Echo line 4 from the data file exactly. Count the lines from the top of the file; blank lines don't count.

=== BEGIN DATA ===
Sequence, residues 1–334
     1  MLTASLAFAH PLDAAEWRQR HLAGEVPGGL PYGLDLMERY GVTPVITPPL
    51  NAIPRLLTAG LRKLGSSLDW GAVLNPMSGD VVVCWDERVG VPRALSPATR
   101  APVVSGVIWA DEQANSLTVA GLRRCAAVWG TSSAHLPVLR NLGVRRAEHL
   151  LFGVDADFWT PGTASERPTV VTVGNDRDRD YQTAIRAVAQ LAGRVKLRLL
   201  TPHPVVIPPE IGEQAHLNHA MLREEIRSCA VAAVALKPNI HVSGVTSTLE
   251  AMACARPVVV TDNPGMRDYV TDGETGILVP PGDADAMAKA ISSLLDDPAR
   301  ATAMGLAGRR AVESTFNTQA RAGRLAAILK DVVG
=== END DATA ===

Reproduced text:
   101  APVVSGVIWA DEQANSLTVA GLRRCAAVWG TSSAHLPVLR NLGVRRAEHL